So really, I think it's all too complex to just say "handle it this way" or "handle it that way." CONTEXT MATTERS.

Amber Rhea said...

(sorry for the double post, got a little too trigger-happy with the submit button...)

What if the person says something and doesn't understand WHY it was transphobic? Can't we clarify and ask WHY? Isn't that a desire not to do further harm and integrate the message so that it never happens again?

Exactly. It's like my dear friend Jenny recently wrote:

---
My argument is that we can’t assume that people will agree with us - we have to give them reasons to agree with us. I think that public spaces should be pressured to do more to provide articulate arguments as to why people should view the lack of gender equity as a problem, not just arguing that gender inequality is a problem.

We need to push the why, not just the what.
---

I don't know about you, but I am a whole lot less likely to change my mind on something and think critically about it if no one can present me with a "why" but just a "do this because I say so!"

JustmeKaren said...

When somebody asks me a question about my life (I am a transsexual woman also) I don't have any issue with answering them as far as my experience or feelings will go. Sometimes my feelings are exasperation, I must admit.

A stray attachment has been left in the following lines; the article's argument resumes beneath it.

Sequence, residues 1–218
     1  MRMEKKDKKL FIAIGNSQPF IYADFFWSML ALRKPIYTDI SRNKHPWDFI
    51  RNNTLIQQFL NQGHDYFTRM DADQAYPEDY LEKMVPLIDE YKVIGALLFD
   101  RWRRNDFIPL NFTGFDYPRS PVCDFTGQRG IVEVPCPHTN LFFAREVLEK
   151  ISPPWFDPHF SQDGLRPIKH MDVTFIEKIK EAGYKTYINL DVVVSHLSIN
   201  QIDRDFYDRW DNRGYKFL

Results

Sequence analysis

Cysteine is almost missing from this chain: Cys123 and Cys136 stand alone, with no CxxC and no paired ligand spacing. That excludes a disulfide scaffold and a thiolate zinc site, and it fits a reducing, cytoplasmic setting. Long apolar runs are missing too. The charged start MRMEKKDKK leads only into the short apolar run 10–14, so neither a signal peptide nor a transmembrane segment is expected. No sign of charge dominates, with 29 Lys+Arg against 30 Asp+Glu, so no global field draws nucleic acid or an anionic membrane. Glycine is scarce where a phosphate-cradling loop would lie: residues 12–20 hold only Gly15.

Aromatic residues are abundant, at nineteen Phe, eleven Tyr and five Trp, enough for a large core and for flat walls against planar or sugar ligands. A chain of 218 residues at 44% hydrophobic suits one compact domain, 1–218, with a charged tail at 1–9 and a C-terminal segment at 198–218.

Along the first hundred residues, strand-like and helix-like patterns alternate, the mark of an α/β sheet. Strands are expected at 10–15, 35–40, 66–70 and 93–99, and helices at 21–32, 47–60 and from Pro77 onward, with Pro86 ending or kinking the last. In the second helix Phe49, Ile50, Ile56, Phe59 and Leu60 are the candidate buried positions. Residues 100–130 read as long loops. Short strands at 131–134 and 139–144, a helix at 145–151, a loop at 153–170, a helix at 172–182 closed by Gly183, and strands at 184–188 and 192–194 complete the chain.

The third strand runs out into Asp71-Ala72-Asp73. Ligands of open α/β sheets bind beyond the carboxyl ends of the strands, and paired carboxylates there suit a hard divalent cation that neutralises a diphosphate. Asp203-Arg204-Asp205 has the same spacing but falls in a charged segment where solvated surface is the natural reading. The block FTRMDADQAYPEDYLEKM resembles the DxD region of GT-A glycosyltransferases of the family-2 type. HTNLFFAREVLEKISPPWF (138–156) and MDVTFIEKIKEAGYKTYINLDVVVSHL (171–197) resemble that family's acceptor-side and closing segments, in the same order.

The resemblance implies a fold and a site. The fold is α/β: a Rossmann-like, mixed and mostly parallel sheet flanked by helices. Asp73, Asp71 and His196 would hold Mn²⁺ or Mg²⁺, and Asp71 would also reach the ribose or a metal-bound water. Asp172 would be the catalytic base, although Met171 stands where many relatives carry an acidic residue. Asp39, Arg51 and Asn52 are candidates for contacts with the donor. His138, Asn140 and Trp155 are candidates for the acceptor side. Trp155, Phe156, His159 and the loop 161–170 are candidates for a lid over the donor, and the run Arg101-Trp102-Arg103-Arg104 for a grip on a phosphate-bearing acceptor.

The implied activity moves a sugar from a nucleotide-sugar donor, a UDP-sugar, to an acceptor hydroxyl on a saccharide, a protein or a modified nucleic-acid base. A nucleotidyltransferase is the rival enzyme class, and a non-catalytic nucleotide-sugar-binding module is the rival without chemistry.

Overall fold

I don't mind answering the questions of someone who has a preconceived notion about me, as long as they listen to my reply, accept it as my life's experience, and not discount it as invalid, because they won't even examine said notions, or consider modifying them to encompass ideas falling outside of them.

Silencing, or refusing to consider that transwomen have their own voices is transphobic, but asking them to share their voices in answering questions is not. I like to think it comes from a willingness to connect with, and understand, someone whose life story they have not encountered. I love that someone would ask me, even when the question is one that could exasperate me.

The transperson who doesn't understand that apprehensions and misapprehensions about them come from someone else's life experience is setting herself (or himself) up for a very bitter existence, and such bitterness will teach no one anything, or make any change, ever.